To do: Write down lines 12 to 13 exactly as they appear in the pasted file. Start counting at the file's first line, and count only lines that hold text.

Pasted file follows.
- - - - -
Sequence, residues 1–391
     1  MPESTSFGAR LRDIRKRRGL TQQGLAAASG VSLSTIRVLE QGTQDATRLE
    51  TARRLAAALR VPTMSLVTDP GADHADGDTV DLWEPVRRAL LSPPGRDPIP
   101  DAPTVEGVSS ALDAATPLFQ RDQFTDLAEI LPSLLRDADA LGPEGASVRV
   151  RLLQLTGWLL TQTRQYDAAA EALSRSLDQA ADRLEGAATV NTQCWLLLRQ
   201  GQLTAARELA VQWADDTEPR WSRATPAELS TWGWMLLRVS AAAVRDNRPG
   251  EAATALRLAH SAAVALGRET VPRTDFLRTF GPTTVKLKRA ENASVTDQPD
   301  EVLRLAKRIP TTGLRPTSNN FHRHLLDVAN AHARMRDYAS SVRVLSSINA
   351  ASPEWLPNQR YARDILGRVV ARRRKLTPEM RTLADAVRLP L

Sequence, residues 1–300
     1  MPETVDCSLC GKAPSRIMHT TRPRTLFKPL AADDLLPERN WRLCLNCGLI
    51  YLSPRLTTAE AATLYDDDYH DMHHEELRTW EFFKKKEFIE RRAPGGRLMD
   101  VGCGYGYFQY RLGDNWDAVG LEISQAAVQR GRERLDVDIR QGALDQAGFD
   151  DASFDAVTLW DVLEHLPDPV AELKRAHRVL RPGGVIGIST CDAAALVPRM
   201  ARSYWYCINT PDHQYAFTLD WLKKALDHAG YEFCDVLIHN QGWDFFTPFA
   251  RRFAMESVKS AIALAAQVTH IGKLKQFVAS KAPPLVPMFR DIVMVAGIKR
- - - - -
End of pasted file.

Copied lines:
    51  YLSPRLTTAE AATLYDDDYH DMHHEELRTW EFFKKKEFIE RRAPGGRLMD
   101  VGCGYGYFQY RLGDNWDAVG LEISQAAVQR GRERLDVDIR QGALDQAGFD